A sea of umbrellas outside Buckingham Palace has farewelled Prince Philip at his last public appearance.
Early today (NZT), the Duke of Edinburgh attended his last official public engagement with a Captain General’s parade of the Royal Marines.
As the rain set in the 96-year-old, with only a black bowler hat and a long anorak to keep him dry, inspected his Marines.
He has been their Captain General since 1953, succeeding his father-in-law King George VI.
British media reported earlier this year that the Duke’s grandson, Prince Harry, will take over the role, but the final decision lies with the Queen.
The Marines gave three cheers, while the band played For He’s a Jolly Good Fellow to see off the duke, who waved and smiled as he closed a 70-year chapter of life in the public eye.
Known for his gaffes including asking Aboriginal leader Ivan Brim on a 2002 visit to Australia “do you still throw spears at each other?” the prince is largely viewed in Britain as a loyal companion to the Queen.
“Well you can’t change the weather and you can’t change the prince,” former Royal Marine James Ellard said, as he waited for the duke to appear behind the gates.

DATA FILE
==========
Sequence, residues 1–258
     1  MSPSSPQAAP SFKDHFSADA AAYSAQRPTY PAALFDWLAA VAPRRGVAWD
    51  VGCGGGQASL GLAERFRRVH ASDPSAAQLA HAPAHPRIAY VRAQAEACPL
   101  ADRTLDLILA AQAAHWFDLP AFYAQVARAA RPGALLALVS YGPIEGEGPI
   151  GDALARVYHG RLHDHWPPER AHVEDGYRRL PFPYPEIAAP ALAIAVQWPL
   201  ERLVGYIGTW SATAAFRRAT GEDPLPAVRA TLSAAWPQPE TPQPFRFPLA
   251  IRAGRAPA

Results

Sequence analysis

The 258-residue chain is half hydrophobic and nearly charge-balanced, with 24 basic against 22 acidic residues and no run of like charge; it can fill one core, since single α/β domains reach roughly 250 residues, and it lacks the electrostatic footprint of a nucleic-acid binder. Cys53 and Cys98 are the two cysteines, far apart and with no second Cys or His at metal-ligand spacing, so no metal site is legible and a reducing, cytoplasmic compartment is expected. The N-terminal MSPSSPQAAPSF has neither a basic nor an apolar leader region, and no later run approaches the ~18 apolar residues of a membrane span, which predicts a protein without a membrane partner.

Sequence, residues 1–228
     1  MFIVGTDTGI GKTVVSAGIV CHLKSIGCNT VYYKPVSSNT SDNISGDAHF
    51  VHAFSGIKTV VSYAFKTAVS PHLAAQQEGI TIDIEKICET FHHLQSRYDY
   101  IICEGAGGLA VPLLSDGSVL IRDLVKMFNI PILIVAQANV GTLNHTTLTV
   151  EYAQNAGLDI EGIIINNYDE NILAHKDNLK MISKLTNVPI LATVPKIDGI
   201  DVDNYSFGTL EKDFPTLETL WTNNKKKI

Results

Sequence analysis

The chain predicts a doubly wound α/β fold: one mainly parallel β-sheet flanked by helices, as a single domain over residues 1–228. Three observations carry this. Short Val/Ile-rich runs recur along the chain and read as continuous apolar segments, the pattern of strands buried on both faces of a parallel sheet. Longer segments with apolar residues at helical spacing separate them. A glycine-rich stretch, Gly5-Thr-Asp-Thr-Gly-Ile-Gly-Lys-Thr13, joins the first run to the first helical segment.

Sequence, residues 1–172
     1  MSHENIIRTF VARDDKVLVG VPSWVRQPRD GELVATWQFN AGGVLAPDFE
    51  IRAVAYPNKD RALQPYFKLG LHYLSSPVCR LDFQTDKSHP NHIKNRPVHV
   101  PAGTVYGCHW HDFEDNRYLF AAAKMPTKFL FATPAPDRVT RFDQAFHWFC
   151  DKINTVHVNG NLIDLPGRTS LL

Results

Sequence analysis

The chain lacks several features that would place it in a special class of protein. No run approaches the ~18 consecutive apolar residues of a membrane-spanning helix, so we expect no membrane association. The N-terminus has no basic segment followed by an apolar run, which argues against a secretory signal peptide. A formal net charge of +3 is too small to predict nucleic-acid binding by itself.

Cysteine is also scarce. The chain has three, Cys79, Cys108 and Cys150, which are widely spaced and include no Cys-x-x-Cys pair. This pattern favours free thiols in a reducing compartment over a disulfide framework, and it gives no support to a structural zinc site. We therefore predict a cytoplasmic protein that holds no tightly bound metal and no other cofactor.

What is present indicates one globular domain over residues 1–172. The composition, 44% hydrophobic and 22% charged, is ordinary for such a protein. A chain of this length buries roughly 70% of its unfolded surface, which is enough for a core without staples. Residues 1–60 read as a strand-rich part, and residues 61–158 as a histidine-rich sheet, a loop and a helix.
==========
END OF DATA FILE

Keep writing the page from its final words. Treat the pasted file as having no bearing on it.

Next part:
Ellard, who served seven years as a Marine, said he was sad to see his captain go.
His companion and fellow former marine for 12 years, Norman Saints, agreed, saying Prince Philip had been a good leader.
“Well he’s a sailor, isn’t he?”
The two men watched in the rain as the duke took his hat off to their Marine friends and successors.
As the inspection finished the duke made his way back inside the palace, while the crowd quickly moved on, probably thinking of finding somewhere dry to have a hot tea.
“Typical,” remarked one onlooker. “It stops raining just as the parade finishes.”
Today’s parade in Buckingham Palace’s forecourt was Prince Philip’s 22,219th solo engagement since 1953.
The duke has been honorary president of the Royal Navy and Royal Marines Association and Club since 1948.
The parade was the finale of the 1664 Global Challenge, which has seen 1500 Royal Marines and army commandos take part in a 2678km running challenge over the past four months.
The announcement in May that the duke was stepping down came after a day of speculation that the steadfast companion of the Queen for 70 years may have died.
But the duke, who is also the longest-serving consort in British history and also the oldest serving partner of a reigning monarch, is reported to be in good health.
Buckingham Palace said the 91-year-old Queen’s schedule will continue, and her husband may join her at official events, but “Team Windsor” Prince William, his wife Catherine and Prince Harry are increasingly stepping up their royal duties. AAP